The Danube Bridge was opened in 1954 as the Friendship Bridge, a cute little name it got from the Soviet Union, whose engineers had designed it; and is one of only two bridges connecting Romania with Bulgaria. Its name was changed to the more aloof sounding Danube Bridge after the fall of the communist regimes in both countries in the early 1990s. The majority of the walk across it was on an eyesore of steelwork that made you feel smaller and less significant than an ant. It was definitely not designed for pedestrians, as the narrow strip of pavement that ran down its side wasn’t wide enough for one average-sized American to walk down, let alone us two slim European friends. Single file was obligatory. Each time a lorry whizzed past, we had to hold on to the sides to keep from being blown over the side and down into the murky depths below.

On the steel monstrosity that is the Danube Bridge

On the steel monstrosity that is the Danube Bridge

After about 20 minutes of walking, and seemingly with no end in sight, the bridge had crossed the widest part of the river and then became what was more deserving of the warm name, Friendship Bridge. The pavement remained as narrow and unwelcoming, but we were no longer captive inside the cage-like monstrosity. We were open to the elements again, and as the sun was slowly setting to our left, and the air was rapidly becoming ice cold, the view of the leafless brown trees that lined the great river below us seemed beautiful. I was reminded why it is that I love Europe, particularly Eastern Europe, and particularly in the winter time, so much.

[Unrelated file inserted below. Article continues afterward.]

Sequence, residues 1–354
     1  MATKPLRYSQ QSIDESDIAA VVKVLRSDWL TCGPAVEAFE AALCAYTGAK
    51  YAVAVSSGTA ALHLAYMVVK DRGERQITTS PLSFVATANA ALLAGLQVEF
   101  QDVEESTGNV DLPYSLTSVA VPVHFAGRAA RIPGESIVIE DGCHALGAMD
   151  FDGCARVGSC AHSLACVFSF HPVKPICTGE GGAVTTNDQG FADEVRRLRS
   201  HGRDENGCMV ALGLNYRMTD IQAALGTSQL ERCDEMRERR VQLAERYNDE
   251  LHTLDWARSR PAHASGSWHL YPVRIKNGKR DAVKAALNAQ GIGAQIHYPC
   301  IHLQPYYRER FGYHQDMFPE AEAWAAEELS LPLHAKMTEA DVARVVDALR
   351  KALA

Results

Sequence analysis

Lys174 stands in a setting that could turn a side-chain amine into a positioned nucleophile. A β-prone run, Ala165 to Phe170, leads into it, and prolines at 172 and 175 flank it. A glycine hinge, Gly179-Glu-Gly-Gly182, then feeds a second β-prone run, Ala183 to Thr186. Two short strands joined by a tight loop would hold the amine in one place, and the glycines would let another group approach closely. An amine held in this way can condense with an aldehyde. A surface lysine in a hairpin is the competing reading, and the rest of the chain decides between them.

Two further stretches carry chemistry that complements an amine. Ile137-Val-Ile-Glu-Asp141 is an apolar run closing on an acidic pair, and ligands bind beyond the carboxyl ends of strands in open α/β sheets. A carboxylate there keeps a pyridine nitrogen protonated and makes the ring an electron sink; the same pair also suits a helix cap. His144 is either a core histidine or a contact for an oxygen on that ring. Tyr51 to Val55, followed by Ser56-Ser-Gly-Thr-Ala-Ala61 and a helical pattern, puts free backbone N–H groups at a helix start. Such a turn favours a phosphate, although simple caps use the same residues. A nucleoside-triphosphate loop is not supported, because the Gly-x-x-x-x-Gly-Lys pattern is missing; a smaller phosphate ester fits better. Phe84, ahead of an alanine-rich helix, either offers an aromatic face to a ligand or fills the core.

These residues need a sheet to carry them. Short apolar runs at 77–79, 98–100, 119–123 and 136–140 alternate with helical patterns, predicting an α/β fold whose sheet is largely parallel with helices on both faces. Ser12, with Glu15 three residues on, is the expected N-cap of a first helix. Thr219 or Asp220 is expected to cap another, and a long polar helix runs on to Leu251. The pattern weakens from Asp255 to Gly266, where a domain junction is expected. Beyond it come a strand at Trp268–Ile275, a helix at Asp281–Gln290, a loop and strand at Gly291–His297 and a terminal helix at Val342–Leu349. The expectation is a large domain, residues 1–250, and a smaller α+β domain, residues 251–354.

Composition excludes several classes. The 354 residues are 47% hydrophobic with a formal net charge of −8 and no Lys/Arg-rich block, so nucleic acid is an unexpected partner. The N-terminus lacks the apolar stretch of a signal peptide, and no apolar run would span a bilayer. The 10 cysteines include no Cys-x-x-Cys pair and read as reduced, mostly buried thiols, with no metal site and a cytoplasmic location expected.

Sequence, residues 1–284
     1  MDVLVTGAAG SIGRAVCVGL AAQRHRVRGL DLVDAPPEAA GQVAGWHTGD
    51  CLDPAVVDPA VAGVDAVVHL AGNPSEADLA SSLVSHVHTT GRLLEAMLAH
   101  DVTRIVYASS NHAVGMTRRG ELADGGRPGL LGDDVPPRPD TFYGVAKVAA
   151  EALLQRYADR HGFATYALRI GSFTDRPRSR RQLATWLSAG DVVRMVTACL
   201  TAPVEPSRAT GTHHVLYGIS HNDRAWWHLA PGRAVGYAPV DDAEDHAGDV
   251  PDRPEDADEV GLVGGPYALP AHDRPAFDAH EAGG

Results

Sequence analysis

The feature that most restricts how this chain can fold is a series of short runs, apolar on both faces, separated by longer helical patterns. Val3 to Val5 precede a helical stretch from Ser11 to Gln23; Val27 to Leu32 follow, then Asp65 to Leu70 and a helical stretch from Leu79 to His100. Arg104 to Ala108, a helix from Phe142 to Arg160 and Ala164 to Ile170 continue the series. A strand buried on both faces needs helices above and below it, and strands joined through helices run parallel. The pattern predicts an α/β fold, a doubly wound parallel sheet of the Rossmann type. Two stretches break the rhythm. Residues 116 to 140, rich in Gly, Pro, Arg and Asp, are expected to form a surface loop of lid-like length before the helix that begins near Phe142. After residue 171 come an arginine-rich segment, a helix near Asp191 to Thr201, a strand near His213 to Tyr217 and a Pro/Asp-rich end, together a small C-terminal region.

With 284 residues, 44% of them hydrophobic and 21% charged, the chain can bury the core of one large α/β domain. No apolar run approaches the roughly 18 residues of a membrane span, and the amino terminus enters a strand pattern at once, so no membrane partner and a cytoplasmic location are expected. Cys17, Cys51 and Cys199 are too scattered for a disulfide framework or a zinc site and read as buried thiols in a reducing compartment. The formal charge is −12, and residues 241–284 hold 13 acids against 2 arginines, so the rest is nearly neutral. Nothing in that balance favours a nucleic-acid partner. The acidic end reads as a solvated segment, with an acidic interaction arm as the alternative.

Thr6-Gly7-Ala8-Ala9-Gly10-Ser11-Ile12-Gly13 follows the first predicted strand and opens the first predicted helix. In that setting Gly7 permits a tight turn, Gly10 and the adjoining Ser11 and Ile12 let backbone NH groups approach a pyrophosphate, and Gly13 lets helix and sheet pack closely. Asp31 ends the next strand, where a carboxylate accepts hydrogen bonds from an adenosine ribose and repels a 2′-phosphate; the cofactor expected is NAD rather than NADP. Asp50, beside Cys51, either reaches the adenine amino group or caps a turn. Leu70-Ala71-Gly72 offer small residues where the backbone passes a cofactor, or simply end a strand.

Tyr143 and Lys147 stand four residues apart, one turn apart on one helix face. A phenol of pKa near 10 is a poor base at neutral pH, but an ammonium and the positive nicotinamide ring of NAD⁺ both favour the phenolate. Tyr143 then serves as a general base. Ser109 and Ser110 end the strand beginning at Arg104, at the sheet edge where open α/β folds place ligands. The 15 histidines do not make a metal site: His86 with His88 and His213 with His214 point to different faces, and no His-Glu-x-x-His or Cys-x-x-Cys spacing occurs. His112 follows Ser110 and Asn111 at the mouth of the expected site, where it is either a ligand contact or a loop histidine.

Adriana, shuffling her way towards Bulgaria, leading the way across what I now was happy to call the Friendship Bridge

Adriana, shuffling her way towards Bulgaria, leading the way across what I now was happy to call the Friendship Bridge

After another 10 or 15 minutes of pleasant strolling, we reached the end of the bridge and the entrance to Bulgaria; the city of Ruse to be precise. Ruse is an industrial city, and its skyline, at least on the city’s edge, is decorated with the smoking chimneys of factories, not to mention the Ruse Iztok Power Plant. It is Bulgaria’s fifth largest city. It was a city that failed to interest us in the slightest, though, and we planned to be out of it and on the road towards the country’s Black Sea coastline as quickly as possible. Darkness was quickly falling and the temperature had dropped to freezing.

We had no time to stop and take a breather. We still had 350 miles to cover before we would reach Istanbul. Only then would we rest.

* To be continued……